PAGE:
Now, what is an "ultra-conservative" head coach who "hates winning big" doing winning so many big games? It's because he isn't ultra-conservative. Head coaches in general are pretty conservative in some senses, but there's no reason to believe Reid is any more conservative than the rest of them. Also, Reid doesn't hate winning big. Reid likes to win, by any margin, big or small. Again, no different from any other head coach.
The only difference, really, between Andy Reid and most head coaches in the NFL is that Andy Reid wins big more often than 90 percent of them over the last four seasons.
At the very least, this statistic makes me suspicious of anyone who thinks he should be unequivocally canned.
Then there's the flip side. The Chiefs have only lost one game by 20-plus points since Reid came to town. That's tied for first with more familiar company: the Broncos, Patriots, Seahawks, and this time the Bills get in.
So, in both tables, we have the Kansas City Chiefs, coached and quarterbacked by the biggest losers of all time, in the same company as the last three Super Bowl winners.
Running out the clock
So, yah, Andy Reid wins a lot. You get it. But still. The Titans? At home? In December? There must be some other narrative.
Well, sure. The run game has been off most the year, especially up the middle. The horizontal element is all they have, which is why Reid relies on it time and time again to try to relieve the struggling offensive line. Even when the sweeps work, and even when Smith completes deep passes, none of it is enough to make up for the fact that the Chiefs are one of the worst between-the-tackles running teams in the league.
And that's not because Kansas City is facing stuffed boxes. It's to the point where Reid is rarely calling play-action with Alex under center. Instead, we rely on sweeps and screens and misdirection and quick-read plays primarily out of the pistol or shotgun. Or our play-action involves Smith on a bootleg. It's clear the Chiefs have to move things outside the tackles and outside the pocket as often and as quickly as possible.
Because the Chiefs have weapons on the outside, Smith is throwing the ball more, and running it less. This is good. His sack rate (6%) is down from the previous three years (8.2%) by a large margin. This is because Smith has options this year to get the ball out quick, as opposed to 2013/14, when Kansas City fielded Dwayne Bowe and Donnie Avery, and Smith was forced to scramble. So the fact that Smith is scrambling less this year is a sign of better receiving options. And, besides, you don't want your rushing stats dependent on QB scrambles.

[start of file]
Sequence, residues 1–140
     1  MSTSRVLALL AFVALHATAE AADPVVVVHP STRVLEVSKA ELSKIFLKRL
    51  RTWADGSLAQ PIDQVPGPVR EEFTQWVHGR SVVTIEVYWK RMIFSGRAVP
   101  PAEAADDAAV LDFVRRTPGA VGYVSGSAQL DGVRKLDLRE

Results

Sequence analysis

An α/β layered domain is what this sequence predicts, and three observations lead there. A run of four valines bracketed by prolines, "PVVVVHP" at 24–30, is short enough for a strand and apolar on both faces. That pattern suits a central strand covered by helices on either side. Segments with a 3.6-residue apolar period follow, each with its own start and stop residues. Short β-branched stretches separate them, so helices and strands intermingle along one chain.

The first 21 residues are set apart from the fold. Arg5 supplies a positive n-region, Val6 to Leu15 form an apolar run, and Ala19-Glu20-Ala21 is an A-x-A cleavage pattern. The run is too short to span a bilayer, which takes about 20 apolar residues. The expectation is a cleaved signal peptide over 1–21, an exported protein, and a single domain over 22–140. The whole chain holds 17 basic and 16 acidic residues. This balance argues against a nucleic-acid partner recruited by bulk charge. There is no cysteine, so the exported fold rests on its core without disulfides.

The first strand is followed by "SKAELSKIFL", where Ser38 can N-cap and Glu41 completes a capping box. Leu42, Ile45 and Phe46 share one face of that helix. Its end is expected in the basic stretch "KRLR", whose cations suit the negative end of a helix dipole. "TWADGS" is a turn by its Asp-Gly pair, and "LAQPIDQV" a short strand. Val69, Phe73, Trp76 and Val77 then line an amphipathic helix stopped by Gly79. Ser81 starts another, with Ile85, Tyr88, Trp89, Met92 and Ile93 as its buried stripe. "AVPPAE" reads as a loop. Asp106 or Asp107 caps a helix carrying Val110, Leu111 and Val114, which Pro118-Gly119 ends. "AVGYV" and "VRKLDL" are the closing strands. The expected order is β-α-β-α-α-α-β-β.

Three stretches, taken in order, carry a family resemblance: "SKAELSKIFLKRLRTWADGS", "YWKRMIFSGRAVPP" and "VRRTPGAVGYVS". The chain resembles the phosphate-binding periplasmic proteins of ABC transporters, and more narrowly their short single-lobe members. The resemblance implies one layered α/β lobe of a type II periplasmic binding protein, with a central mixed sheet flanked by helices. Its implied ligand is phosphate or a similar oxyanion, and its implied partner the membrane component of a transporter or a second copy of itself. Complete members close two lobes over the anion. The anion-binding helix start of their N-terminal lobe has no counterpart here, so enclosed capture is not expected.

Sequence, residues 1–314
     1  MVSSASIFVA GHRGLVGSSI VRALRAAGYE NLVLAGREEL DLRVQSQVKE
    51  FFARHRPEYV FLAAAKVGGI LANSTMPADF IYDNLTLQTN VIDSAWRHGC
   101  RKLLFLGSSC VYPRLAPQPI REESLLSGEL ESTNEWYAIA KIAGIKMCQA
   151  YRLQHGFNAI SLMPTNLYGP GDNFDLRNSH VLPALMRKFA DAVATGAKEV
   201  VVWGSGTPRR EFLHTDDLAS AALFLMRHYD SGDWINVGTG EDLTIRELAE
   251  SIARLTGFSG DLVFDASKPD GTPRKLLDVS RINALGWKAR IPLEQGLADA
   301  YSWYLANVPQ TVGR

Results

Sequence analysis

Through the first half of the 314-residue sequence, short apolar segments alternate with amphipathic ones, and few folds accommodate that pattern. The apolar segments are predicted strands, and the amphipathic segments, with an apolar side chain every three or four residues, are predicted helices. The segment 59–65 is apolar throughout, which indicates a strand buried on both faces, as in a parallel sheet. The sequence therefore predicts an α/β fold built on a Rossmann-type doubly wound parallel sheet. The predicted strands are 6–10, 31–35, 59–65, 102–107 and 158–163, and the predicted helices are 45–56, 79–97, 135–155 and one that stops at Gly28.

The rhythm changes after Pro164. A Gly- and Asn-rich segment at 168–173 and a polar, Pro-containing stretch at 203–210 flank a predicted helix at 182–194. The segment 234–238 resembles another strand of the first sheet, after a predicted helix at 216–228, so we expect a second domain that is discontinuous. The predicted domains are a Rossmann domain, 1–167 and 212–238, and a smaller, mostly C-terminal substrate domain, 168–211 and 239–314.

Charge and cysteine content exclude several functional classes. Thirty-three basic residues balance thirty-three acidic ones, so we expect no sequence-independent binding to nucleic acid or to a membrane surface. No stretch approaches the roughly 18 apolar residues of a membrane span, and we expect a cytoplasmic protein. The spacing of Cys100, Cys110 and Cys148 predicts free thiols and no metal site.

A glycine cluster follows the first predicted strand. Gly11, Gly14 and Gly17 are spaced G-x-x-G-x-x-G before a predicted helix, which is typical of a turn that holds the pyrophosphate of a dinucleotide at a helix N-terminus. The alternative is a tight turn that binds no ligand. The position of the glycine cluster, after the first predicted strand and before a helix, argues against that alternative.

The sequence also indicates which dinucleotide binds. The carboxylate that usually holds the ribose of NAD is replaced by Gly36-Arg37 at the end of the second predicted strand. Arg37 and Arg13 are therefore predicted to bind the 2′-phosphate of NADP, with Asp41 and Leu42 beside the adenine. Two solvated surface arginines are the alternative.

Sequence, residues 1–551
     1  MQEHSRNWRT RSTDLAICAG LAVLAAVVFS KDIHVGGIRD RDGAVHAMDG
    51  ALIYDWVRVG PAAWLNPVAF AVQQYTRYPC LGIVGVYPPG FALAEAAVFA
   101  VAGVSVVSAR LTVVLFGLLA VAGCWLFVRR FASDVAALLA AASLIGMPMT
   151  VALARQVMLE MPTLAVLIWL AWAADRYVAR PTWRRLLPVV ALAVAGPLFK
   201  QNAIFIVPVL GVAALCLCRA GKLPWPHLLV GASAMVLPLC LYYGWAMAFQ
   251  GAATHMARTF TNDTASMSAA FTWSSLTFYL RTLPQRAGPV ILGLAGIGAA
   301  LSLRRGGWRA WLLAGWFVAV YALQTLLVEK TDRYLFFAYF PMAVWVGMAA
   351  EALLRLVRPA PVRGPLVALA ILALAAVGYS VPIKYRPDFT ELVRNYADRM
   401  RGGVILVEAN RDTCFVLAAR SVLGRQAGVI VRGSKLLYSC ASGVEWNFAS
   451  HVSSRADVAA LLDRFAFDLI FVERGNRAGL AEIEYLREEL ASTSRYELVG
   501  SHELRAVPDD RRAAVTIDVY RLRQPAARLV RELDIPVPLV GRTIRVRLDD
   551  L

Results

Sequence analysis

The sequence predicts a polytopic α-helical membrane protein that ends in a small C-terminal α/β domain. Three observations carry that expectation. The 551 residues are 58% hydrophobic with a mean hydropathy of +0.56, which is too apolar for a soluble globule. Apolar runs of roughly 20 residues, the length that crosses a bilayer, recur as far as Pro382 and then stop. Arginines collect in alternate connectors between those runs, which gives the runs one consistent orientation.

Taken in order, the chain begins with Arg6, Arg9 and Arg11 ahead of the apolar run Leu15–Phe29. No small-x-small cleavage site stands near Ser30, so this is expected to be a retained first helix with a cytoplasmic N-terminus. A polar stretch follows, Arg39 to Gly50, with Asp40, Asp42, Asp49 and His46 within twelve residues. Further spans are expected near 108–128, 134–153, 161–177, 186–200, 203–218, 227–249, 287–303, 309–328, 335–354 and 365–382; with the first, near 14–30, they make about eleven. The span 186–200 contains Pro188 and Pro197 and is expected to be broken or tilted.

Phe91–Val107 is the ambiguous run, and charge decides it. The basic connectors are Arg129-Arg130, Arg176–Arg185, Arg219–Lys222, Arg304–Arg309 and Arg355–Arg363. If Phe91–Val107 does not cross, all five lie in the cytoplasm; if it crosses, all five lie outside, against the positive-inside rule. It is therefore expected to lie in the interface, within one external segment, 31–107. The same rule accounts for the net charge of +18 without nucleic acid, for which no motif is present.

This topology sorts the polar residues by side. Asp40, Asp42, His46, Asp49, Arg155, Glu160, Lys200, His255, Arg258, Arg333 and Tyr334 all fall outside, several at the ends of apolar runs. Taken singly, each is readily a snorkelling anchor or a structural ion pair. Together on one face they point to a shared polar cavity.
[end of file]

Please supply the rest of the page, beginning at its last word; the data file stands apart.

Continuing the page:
What's a better narrative for why the Chiefs are having a tough time this year finishing on offense? (A) Andy Reid is conservative. (B) The Chiefs don't have much of a running game. It worries me that we basically need jet sweeps using the fastest dude in the NFL to be effective on the ground.
Still, the Chiefs have a few come-from-behind wins this season, in which the offense looked amazing. But that wasn't the running game. It was Alex Smith, in do-or-die mode, with a lot of control at the line, typically in hurry-up, and throwing the ball.
But it's different when the Chiefs have the lead, and they want to run, or even need to run, and just can't. The Chiefs don't score points in the second half when they have these leads. They let the other team hang around. Inevitably, that turns the game into a coin toss. This defense is very scary, and can ruin any quarterback's day (or career). But teams can put up yards on this defense, and those yards can turn to points on a long enough timeline. Kansas City gave that timeline to the Titans on Sunday. And it cost them.
Until the offense can run the ball more effectively, it will be tough to close out games when we have the lead. But, hey, at least we can be less nervous this year playing from behind! Right!? Right...?
Now, what are some non-legitimate concerns being offered this past week?
One of them is that Reid is conservative. I hope I've handled that. Another is that Kansas City had just won three close games against top-of-the-league opponents, two of them on the road, and another on a short week. Doesn't that mean they were due for a "let down" game, or for an "emotional hangover"?